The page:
Many parents like the idea of leaving their children an inheritance, but they may wonder whether doing so is a good idea. Here’s a look at whether leaving an inheritance is required, the pros and cons of an inheritance, as well as whether leaving an inheritance to children is potentially a good move.
Do You Have to Leave an Inheritance to Your Children?
Legally, parents aren’t required to leave their children an inheritance. For parents with only adult children, the focus should undeniably be on living comfortably, not leaving money behind for their kids. That way, parents get to enjoy their lives and ensure their needs are met.
For parents with minor children, many would like to make sure that their kids’ needs are covered at least until they reach adulthood (or potentially longer if a child has a disability). That ensures any remaining parent isn’t overburdened by being the sole income source for the family and can decrease the odds that the children will need to adopt a lower standard of living as they grow up.
However, an inheritance of any type is entirely optional. If you consider it a priority, then you can certainly set up your financial life to make one happen. However, if doing so would cause you undue financial hardship, or you don’t think doing it is necessary – regardless of whether it’s potentially affordable – not giving them an inheritance is something you can do.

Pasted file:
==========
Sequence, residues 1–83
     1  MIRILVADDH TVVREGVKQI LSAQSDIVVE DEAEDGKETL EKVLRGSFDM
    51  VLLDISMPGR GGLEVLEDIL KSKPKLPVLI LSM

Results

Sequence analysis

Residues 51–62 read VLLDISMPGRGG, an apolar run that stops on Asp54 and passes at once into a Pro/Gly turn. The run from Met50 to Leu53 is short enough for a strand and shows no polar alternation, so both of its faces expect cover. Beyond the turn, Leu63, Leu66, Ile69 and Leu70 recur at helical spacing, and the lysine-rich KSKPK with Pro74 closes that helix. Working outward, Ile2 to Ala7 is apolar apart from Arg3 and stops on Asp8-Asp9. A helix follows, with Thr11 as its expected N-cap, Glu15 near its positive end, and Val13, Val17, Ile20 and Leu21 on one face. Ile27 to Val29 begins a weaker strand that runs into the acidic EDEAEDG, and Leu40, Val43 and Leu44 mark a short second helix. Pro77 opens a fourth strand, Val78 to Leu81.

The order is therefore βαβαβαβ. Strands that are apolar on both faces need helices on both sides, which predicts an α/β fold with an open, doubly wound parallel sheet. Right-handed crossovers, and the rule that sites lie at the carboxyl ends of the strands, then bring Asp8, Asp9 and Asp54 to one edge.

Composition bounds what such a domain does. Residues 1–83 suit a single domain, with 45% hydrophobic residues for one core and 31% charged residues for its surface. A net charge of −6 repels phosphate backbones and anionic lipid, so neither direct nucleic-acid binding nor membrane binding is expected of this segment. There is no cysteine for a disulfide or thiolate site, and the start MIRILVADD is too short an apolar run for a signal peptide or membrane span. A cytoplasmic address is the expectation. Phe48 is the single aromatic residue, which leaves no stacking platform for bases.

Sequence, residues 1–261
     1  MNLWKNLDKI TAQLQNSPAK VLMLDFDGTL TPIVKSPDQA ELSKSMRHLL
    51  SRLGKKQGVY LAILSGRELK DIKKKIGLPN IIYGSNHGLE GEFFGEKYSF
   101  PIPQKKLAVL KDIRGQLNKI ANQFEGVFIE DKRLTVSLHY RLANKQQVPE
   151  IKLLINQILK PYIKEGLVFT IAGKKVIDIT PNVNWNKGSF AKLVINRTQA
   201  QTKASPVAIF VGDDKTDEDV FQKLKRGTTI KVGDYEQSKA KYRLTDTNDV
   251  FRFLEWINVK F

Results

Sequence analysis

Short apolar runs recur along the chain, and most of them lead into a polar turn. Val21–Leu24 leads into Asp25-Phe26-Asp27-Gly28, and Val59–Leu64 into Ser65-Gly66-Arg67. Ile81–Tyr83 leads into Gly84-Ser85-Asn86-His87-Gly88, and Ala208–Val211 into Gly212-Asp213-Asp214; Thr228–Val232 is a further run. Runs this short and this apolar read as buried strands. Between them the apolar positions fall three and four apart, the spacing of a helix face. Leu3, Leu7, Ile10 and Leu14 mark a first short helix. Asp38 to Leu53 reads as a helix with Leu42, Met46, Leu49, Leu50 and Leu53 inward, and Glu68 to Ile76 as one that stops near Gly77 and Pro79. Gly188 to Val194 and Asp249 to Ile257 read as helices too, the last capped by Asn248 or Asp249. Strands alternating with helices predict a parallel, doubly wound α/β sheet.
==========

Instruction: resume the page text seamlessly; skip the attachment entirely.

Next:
Pros and Cons of an Inheritance
Pro: Financially Provide for Your Children
Generally, the biggest reason to provide an inheritance to your children is to give them some financial security. This could be particularly important for families with young kids, school-age children, or even college-age young adults who aren’t yet old enough to handle all of the monetary side of life alone. Similarly, if a child has a disability that highly limits their ability to earn an income, an inheritance could provide financial security.
Con: Stymying Financial Independence
In some cases, a sizeable inheritance may stymy some children as they journey toward handling their own financial lives. For example, it could cause a failure to launch, leading a kid to move toward adulthood without any plan for managing their long-term monetary needs. Depending on how long the inheritance lasts, the child could then find themselves ill-equipped to take care of themselves once the money runs out.
Whether this is an issue that may or may not be a concern depends on the children’s ages, their general demeanor, the size of the inheritance, and other factors. However, it’s worth factoring in when deciding whether leaving an inheritance is wise.
Pro: Demonstrating Your Love
Many people consider the ability to leave an inheritance as a demonstration of their love and caring for their children. In this situation, the benefit is primarily emotional for the parent leaving the inheritance. Essentially, it makes them feel like they’re able to care for their children after they pass away, and that can provide some peace of mind.
Children may also deem an inheritance as a demonstration of their parent’s love for them. It’s seen as a sign that a parent cared enough to not just take care of them as they grew up but also provide support after the parent’s passing.